Personal reactions

When faced with such polarised behaviours in the outlined under challenges, it is very often the case that practitioners will automatically (unconsciously) react to these kinds of behaviours by feeling:

  • puzzled and irritated
  • frustrated
  • helpless to help them change
  • defensive when with them
  • fearful of upsetting the person and getting into an argument
  • manipulated by the person.

The cumulative effect of working with such behaviours combined with other sources of stress in our lives can result in our emotional responses becoming amplified. If we cannot make sense of these challenging, extreme and sometimes risky behaviours we may begin to feel exhausted, personalise their responses and feel critical towards them and lose our capacity for empathy for them. We then risk automatically reacting by:

  • becoming punitive and hostile
  • becoming over-involved
  • avoiding them.
The personality disordered offender unconsciously provokes feelings in others which they themselves have experienced, most commonly, feelings of anger, rejection and unfairness

In addition, practitioners might experience problems in getting much needed input from other mental health and social care services for PD offenders, inconsistent inter-agency working and having to work within narrow and rigid organisational protocols to managing risk and highly challenging cases. As a result, probation practitioners are at increased risk of burnout.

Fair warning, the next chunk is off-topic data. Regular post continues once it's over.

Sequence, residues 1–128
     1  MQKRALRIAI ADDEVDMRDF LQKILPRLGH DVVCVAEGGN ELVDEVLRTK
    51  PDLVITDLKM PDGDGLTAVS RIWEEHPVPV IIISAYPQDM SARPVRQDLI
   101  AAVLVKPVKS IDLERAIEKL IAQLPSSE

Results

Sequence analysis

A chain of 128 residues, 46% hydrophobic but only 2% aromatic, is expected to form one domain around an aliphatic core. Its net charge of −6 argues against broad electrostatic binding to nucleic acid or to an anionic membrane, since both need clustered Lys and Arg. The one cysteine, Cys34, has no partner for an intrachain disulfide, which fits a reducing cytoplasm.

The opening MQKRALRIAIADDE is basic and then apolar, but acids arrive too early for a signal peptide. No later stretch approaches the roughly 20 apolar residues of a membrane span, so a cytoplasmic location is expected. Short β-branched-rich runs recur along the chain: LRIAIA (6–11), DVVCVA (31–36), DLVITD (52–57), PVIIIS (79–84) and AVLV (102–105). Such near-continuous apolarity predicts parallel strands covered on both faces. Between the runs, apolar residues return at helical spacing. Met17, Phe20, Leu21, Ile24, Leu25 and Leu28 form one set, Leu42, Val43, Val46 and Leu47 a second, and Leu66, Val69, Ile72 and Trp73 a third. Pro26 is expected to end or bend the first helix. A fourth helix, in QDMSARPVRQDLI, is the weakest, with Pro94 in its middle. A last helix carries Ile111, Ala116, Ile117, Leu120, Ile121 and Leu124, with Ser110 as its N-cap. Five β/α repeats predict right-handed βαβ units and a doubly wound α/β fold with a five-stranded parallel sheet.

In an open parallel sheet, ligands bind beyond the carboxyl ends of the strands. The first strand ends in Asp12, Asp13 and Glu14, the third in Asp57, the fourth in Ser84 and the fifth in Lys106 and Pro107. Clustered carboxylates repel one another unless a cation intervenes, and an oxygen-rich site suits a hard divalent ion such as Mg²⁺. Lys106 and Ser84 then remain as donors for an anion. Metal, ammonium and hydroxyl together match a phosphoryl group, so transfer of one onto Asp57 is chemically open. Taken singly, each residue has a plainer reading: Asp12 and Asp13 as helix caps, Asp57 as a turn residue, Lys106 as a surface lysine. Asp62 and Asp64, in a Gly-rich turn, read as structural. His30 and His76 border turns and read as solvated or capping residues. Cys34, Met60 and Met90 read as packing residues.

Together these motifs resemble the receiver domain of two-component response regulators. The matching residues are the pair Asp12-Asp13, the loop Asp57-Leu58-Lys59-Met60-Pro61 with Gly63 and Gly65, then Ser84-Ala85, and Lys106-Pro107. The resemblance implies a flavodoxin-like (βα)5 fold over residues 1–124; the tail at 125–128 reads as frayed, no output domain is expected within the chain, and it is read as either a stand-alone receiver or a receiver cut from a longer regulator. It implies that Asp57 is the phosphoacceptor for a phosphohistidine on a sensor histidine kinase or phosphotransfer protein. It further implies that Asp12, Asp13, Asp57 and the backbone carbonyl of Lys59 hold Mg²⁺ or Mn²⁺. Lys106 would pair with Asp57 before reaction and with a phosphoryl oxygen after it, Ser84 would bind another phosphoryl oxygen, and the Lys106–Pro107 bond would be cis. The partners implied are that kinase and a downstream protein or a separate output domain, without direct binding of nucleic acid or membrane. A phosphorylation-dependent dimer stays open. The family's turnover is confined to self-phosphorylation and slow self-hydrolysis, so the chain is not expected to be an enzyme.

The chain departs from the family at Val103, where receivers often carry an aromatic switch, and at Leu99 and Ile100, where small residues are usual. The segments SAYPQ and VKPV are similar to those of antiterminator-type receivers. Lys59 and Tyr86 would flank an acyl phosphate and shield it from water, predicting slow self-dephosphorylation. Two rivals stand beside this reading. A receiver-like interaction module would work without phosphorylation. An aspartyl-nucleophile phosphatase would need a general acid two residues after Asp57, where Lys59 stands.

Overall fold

The above are common occurrences, experienced by many if not all staff. However, in a small minority of staff, working with personality disordered offenders will expose their own dysfunctional personality traits. In such colleagues, unexpected outbursts of extreme hostility or rigidity, or entangled or overly involved alliances with offenders may emerge. You will need to consider talking with such colleagues, and if need be, alerting a senior member of staff to your concerns.